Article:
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:: Spotlight :: Interview with The Basics

By: Carmine Pascuzzi

The Basics is a Melbourne band that could be described as one very influenced by 1960s pop with added touches of rhythm and blues and rock. The band has toured constantly for the past three years and now reach a major pinnacle in their career with the release of a debut album “Stand Out Fit In”. The band is presently doing a series a shows in the lead-up to a big album launch night on Saturday, June 30, 2007 when they play Melbourne's Athenaeum Theatre in a launch extravaganza. I met with Kris Schroeder to discuss how far the band has come in reaching this milestone.

Kris explains, “Wally and I met about five years ago quite randomly. I met one of Wally’s mates at a going away party and arranged a jam night. We sat around playing all sorts of stuff. We talked about making music and I was asked to sing a couple of numbers. We got another guitarist until filling the spot permanently when Tim answered our advertisement some time later. That became our line-up, along with our touring keyboardist. Everything has gone slow and steadily but kept moving forward. Particularly that we don’t belong to a certain scene it has moved quite well.”

Q. Do you enjoy being independent?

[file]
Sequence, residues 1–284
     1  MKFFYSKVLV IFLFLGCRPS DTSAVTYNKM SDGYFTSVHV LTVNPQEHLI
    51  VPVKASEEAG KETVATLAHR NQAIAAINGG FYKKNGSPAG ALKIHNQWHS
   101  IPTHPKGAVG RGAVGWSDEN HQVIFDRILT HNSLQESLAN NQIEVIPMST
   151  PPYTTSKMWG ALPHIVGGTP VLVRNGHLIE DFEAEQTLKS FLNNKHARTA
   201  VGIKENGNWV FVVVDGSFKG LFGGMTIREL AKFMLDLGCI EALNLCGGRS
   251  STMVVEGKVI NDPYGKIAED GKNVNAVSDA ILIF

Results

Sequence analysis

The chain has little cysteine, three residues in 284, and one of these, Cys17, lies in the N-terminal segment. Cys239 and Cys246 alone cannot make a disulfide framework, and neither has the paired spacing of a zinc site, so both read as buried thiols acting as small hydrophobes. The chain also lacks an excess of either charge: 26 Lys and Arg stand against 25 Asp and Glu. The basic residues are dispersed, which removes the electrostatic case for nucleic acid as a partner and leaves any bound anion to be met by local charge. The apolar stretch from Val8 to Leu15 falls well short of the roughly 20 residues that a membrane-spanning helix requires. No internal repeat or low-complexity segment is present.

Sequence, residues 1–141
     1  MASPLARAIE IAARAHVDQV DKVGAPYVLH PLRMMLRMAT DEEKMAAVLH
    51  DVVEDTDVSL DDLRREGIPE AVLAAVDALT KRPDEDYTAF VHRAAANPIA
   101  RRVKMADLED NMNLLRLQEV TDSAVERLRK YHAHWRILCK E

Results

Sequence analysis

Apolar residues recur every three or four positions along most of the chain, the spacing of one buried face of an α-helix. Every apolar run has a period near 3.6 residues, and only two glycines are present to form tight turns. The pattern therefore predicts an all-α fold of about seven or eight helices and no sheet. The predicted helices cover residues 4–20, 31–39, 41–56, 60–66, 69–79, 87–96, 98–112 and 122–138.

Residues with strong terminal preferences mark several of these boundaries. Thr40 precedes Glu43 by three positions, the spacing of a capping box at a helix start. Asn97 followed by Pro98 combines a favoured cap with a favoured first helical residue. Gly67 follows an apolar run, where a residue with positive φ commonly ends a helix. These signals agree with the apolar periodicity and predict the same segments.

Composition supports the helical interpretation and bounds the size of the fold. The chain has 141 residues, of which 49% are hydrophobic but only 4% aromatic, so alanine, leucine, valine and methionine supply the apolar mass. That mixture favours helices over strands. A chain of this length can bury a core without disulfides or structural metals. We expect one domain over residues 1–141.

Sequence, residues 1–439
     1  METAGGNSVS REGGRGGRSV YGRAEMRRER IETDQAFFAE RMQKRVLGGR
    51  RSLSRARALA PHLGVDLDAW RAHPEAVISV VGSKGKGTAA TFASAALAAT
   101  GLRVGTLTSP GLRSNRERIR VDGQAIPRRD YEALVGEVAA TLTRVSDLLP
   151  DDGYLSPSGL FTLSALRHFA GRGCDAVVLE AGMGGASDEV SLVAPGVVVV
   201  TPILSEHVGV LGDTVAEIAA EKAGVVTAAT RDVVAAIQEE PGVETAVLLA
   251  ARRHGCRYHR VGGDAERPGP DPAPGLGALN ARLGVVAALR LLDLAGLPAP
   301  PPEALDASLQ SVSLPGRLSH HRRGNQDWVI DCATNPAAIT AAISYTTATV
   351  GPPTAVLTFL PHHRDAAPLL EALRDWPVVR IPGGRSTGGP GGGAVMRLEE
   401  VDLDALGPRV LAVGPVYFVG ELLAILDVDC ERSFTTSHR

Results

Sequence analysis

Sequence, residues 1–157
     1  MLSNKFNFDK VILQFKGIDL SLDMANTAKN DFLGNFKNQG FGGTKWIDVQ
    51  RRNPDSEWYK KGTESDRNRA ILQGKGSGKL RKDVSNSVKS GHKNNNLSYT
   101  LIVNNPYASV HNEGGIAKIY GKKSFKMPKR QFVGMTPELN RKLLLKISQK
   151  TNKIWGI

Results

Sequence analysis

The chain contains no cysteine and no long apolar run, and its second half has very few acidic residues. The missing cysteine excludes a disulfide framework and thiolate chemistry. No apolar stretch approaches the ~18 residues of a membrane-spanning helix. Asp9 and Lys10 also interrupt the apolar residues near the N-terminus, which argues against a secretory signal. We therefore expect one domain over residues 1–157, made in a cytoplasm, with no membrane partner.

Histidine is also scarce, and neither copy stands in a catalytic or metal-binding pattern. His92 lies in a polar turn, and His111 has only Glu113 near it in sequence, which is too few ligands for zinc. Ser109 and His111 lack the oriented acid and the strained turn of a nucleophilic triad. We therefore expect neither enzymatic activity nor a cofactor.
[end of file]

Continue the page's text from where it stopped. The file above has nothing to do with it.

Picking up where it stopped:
A. Unless you belong to a current sound or taste, then record companies don’t have a great deal of interest in you. There isn’t much money in records and they need to ensure that they can get an instant return. Artists like us take a bit of time to develop into something tangible. We’ll look at overseas markets for a label. Essentially, we are our own record company as we can get the promotion, distribution, put in some money, and general organisation of business. We needed control of our destiny so we’ve taken on this task ourselves. It takes time to work our own identity let alone an audience working out our identity.

Q. You have built a great rapport with the audience, even placing a set of cards in the album package to give you greater identity with fans. Is it importnat to be close to them?

A. We’ve just treated people as people. Obviously, there’s a relationship. We try to show respect and the people will respect us back; i.e. come to the shows and buy the records. There’s a little too much rock and roll attitude that has brought down the industry a bit.

Q. How did style of the band build from the initial forming?

A. The idea for the style of The Basics came from starting as a covers band. Seeing the reaction to a song like “Gimme Some Lovin’” by the Spencer Davis Group, where any age group would respond.
That fitted our personalities.
(Note: the band does a very good version of the song Besame Mucho, once performed by The Beatles, and a terrific old Spanish/Italian hit)

Q. There may be those who believe that you're living in the past. What are your thoughts?